posted on Jul, 1 2016 @ 09:18 AM
As part of my preparation strategy I am super attracted to items which can serve multiple purposes, whether this be for a GHB or just part of my
general preparedness supplies. A true "survival" situation, regardless of the nature, will be an extremely dynamic situation. The more you can do
with less, the more dynamic and flexible you will be to adapt to the situation...and survive!
I'm also all about reducing waste (across the board). This isn't about being "green" as much as it is about waste being a 'penalty' or
liability. Packaging is a great example; unless it can be used as fuel, packaging takes up valuable space and is a weight penalty for which there is
no benefit. Unusable waste needs to be disposed of which requires calories and effort for which, again, there is no gain. Consequently, I'm always
looking for things which can have multiple purposes without creating unnecessary waste.
I know this may seem like a very strange introduction to a post about 'seasonings', but hopefully this will become much more clear momentarily.
Food products, by their very nature, require more packaging than just about any other single survival supply. Protection against contamination and
spoilage are chief among these reasons. Conversely, water is one of the single heaviest survival supplies a person requires. One of the more common
types of survival foods are foods which are dehydrated in some way. However, rehydration requires copious amounts of water, and water equals weight,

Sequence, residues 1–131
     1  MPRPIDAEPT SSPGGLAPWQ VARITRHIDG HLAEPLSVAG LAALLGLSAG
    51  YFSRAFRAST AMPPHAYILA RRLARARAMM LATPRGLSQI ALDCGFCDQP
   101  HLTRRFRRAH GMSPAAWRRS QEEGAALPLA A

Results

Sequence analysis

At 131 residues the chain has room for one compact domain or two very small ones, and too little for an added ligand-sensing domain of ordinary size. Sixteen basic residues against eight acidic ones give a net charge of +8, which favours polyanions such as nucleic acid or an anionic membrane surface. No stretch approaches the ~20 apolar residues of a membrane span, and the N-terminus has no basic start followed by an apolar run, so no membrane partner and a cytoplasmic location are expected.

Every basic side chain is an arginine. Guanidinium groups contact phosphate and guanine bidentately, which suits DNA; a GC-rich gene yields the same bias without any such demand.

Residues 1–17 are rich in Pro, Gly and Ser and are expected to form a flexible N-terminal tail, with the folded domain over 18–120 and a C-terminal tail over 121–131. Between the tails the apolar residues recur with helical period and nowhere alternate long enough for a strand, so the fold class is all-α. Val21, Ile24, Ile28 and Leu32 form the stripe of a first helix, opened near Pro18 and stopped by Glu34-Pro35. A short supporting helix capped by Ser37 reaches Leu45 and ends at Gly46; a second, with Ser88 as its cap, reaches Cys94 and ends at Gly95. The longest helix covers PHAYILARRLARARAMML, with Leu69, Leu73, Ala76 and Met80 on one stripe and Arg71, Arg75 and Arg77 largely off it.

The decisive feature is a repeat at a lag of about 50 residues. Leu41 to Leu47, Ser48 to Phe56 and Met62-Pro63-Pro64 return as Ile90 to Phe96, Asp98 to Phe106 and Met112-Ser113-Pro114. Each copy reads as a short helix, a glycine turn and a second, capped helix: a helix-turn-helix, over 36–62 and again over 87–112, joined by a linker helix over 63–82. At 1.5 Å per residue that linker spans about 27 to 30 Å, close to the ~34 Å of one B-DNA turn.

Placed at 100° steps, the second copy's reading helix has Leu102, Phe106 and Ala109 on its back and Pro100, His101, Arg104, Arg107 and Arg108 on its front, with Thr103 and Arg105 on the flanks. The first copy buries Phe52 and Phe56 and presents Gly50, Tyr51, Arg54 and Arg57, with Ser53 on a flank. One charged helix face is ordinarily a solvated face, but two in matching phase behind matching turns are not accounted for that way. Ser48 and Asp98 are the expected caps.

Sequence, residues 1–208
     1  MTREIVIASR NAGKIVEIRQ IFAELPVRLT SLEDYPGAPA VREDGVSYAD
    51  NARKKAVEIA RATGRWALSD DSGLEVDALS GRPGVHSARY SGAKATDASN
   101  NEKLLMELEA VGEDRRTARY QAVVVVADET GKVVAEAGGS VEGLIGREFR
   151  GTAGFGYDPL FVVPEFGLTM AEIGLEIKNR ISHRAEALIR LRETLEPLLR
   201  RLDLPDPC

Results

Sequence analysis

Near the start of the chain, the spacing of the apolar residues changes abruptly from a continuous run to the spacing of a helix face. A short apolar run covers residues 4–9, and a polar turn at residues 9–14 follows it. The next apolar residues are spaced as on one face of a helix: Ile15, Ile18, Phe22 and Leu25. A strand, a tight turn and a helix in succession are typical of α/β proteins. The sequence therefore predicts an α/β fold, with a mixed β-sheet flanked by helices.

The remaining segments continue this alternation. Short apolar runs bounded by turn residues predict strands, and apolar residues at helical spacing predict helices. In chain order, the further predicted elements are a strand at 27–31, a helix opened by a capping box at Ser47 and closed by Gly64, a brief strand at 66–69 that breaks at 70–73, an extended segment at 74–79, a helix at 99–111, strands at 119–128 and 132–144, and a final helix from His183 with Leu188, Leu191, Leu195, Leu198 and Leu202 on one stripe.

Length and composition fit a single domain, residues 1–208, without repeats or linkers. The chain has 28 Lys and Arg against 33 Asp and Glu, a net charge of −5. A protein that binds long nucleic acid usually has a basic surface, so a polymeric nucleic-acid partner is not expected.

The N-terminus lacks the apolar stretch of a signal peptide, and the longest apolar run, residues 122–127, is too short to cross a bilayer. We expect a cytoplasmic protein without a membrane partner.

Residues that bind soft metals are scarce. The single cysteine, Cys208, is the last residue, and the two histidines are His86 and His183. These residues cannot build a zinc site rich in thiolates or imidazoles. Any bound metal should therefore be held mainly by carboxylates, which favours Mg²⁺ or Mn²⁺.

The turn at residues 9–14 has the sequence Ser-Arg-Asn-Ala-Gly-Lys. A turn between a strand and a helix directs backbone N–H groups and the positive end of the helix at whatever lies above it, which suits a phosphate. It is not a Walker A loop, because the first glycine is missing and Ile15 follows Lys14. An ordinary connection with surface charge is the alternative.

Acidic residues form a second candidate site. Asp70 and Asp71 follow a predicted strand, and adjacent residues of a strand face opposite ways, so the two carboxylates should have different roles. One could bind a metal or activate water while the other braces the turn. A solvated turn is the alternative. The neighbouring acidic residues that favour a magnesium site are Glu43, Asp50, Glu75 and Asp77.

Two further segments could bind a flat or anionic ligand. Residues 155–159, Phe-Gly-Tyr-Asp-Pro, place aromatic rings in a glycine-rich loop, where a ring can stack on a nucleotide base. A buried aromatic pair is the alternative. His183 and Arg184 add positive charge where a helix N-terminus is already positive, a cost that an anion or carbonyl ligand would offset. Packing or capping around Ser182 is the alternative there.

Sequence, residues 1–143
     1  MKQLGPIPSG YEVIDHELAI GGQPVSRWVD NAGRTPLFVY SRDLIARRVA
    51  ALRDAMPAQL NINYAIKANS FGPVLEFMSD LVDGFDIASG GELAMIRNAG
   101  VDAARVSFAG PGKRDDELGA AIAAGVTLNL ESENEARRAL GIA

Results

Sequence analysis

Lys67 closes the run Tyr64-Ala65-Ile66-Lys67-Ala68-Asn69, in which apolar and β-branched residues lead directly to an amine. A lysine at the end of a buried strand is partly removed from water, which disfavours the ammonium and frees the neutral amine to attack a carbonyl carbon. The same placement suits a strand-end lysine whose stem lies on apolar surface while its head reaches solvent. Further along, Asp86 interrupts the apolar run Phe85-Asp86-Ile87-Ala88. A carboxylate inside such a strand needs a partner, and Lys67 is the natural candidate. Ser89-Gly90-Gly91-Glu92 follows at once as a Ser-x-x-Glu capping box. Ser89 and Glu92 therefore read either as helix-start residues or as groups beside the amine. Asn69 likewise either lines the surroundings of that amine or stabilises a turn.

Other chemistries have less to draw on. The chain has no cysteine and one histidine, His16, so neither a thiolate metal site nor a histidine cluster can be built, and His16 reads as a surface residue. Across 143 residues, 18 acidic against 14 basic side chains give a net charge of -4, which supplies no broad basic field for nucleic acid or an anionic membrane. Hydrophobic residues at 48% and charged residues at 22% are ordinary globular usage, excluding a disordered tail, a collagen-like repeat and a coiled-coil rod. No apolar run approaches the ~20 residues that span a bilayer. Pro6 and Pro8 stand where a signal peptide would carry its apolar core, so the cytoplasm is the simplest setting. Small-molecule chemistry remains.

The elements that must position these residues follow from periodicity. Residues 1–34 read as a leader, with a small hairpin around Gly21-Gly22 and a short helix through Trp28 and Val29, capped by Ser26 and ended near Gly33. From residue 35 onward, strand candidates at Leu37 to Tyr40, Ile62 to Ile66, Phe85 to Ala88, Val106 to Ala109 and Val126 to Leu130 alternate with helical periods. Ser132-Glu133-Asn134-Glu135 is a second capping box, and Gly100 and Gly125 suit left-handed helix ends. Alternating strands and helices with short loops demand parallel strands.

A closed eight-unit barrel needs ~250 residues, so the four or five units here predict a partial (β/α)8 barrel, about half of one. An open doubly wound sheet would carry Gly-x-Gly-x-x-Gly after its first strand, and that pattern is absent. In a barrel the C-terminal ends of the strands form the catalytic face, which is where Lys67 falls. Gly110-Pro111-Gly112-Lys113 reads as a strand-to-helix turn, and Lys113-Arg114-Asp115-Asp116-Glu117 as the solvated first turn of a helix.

right? Water weighs you down, and makes one less dynamic. So there is this delicate balance between weight and packaging. In an ideal world
survival situation (which most are not), one would strive to optimize this balance. This is where seasonings come in.
From a preference perspective, human's require variety. Repetition is boring, and when food becomes boring people won't eat (numerous tests have
proven this). Oh sure, the old "if you're hungry enough you'll eat it" is true, but that old saying is incomplete. It didn't go on to say,
"...and you'll eat a LOT of it". This translates into putting a person into a calorie deficit scenario which is a downward spiral, ultimately
leading to failure. Less calories, less energy; less energy, less work. Less work, less progress; less progress, more exposure. More exposure, more
risk; ever increasing risk, likely failure.
Probably the oldest historical example of reversing this cycle is that of salt. Salt was coveted by ancient civilizations for just this reason. Just
this one seasoning was able to reverse the trend. This brings me, at last, to my ultimate question (finally! Right?)
Fairly often the wife buys these Caesar salad 'kits' at the store. She likes them for her lunches at work. She usually brings home the unused
elements (bacon bits, dressings, seasoning packets, etc.) One of the things which comes with these is a seasoning packet with some spices inside.
It's small, weighs next to nothing, but has a generous quantity of seasonings inside. They're kind of an oregano, green onion, parsley, garlic,
pepper mixture (probably some salt too). I've been collecting these things with an idea of putting them in one of my various survival supplies, but
I need to figure out a way to optimize their use without duplicating something else, or introducing unnecessary waste/weight.
I've thought about using something like ramen noodles, but they already have spice in them. I guess I could look into pastas and / or legumes, or
possibly rice, but I thought I might just throw this out there to see what others have to say. That, and hopefully provide some 'food' for
Thoughts / comments?